Apple’s Vision is Plain for (Most) Everyone to See — Scott Galloway, in a fascinating and informative presentation, asserts that it’s fairly easy to grasp the basic message of Amazon, Facebook and Google. (Starting at 13m:25s.) But when it comes to Apple, the argument is that Tim Cook, the superb operator, isn’t a good storyteller. Worse, he says “What is Apple’s mission? They don’t have one that they can articulate.” John Martellero disagrees. [And this criticism is old news, going back decades, as far as Apple is concerned.]
Sparkle vulnerability leaves some Mac apps susceptible to attacks — Camtasia, uTorrent, and other Mac apps are susceptible to man-in-the-middle attacks that install malicious code, thanks to a vulnerability in Sparkle, reports Ars Technica. Sparkle is open source software available under the permissive MIT license, and is developed on GitHub by the Sparkle Project with the help of dozens of valued contributors. It uses ARC and Auto Layout and supports OS X versions 10.7 through 10.11 and Xcode 5.0 through 7.0.
1Password 6 for Mac review: Enterprise features and lots of small improvements — AgileBits’ 1Password (NZ$75 in the NZ Mac App Store) is perhaps one of the most venerable members of this family of programs, and one that, with its newest version 6.0 release, aims to retain its position as the leader of the pack.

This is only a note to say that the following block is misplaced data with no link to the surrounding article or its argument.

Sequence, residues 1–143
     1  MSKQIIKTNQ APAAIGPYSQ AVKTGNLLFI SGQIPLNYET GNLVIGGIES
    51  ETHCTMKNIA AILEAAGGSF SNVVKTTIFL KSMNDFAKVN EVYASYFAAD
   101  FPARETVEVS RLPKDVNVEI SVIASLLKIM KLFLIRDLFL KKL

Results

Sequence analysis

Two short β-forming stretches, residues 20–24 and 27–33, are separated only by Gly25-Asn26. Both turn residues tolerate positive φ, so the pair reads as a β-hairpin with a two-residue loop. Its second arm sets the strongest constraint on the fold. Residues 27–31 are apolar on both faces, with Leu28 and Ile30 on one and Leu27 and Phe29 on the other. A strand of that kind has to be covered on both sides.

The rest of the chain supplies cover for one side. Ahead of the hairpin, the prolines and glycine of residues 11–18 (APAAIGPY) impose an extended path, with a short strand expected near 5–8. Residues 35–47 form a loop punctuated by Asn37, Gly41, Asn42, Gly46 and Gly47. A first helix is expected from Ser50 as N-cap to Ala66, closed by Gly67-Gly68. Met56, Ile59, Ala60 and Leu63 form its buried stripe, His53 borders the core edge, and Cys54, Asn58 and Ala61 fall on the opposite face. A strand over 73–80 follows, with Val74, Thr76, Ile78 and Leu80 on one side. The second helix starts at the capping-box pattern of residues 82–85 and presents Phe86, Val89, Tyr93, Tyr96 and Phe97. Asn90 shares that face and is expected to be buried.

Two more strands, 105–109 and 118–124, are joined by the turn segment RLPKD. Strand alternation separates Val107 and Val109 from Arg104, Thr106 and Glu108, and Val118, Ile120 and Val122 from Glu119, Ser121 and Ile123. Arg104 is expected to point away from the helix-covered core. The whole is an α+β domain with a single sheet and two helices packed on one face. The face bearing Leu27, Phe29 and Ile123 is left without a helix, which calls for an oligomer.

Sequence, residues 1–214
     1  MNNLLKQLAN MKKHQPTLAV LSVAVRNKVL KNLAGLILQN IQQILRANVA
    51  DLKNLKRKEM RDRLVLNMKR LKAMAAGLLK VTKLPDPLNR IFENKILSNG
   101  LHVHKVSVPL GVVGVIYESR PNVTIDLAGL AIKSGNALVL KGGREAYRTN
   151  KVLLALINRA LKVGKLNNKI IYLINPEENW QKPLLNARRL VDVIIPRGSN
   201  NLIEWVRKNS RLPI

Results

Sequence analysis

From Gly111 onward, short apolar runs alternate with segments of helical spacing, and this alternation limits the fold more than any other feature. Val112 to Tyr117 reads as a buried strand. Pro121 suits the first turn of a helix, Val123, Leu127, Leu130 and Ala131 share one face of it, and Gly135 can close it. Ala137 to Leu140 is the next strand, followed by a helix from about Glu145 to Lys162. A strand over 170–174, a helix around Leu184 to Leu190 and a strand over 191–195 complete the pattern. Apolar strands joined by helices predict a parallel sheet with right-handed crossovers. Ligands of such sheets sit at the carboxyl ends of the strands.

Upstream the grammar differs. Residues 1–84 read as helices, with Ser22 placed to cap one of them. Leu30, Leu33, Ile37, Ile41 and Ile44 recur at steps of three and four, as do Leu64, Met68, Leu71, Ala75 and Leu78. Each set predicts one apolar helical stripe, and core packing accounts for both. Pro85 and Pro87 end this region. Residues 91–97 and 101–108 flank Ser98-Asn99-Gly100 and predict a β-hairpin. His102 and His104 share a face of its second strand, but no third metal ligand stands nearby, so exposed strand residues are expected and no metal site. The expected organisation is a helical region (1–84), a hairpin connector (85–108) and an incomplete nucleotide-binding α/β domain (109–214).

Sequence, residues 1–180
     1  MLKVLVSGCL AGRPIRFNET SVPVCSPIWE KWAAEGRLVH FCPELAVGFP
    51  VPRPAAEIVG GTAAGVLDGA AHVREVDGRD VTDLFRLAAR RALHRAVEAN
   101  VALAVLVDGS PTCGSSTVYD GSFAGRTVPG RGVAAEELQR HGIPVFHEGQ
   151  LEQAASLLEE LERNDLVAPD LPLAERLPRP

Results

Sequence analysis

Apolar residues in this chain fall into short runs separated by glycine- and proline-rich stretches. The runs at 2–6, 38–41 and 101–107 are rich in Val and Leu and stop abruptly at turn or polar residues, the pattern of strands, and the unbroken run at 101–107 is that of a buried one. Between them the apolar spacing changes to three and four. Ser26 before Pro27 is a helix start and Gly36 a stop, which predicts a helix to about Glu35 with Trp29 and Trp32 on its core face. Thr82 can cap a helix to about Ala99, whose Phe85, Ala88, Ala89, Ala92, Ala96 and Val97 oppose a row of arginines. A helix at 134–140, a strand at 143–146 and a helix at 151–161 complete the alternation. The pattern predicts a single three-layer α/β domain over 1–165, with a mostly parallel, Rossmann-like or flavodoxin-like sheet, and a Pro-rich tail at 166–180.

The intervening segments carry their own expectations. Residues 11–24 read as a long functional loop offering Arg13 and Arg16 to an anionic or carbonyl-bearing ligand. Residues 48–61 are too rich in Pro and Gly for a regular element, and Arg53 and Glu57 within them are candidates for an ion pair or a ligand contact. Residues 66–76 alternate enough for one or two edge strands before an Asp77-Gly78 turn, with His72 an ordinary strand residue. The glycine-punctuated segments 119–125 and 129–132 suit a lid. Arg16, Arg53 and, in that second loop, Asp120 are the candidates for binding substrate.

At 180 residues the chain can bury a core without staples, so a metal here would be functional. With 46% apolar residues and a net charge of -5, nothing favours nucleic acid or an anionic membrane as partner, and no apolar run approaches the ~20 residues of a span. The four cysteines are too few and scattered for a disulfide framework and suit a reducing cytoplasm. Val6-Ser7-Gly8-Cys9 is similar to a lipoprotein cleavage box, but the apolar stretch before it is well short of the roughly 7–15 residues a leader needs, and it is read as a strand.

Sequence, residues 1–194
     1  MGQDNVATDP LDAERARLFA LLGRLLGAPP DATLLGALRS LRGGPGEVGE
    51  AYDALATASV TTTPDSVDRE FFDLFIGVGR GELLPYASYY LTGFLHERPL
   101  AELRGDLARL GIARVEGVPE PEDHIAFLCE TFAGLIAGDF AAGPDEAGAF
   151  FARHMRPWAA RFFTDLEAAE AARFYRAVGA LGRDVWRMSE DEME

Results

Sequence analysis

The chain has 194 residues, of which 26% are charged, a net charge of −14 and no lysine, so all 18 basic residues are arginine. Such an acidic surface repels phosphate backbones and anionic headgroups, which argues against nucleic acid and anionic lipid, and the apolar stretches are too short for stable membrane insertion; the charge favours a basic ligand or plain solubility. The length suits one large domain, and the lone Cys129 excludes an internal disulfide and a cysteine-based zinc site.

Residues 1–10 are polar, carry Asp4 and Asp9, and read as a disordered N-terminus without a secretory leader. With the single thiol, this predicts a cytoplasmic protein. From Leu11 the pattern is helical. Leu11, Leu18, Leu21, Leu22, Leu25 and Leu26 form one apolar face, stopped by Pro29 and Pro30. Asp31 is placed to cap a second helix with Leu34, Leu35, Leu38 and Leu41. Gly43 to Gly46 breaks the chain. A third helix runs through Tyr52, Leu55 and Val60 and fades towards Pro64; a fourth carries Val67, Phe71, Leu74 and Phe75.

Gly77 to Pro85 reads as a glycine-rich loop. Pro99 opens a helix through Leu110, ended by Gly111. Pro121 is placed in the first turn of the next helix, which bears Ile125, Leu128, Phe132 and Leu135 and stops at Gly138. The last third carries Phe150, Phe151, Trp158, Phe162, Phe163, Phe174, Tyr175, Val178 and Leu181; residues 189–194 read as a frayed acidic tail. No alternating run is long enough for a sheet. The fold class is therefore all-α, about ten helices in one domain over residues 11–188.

MorphVOX Mac is kinda useful, but it’s really fun — Screaming Bee’s MorphVOX Mac certainly has some useful functions. But you’ll probably like it cause it’s so fun. MorphVOX Mac is a voice-changing product that runs on Mac OS X 10.6.8 and later. It’s designed to offer voice modification for online games, instant messaging, and the multimedia studio. It works with, among other games, World of Warcraft, Second Life and EVE Online (it costs US$39.95; there’s a free demo available).
Google to ban Adobe Flash-based display ads, go 100% HTML5 — Google’s massive AdWords network will no longer accept new display ads made in Adobe Flash as of June 30, the search giant announced this week, as it works to phase out the much maligned Internet plugin. [Yet another nail in the Flash coffin.]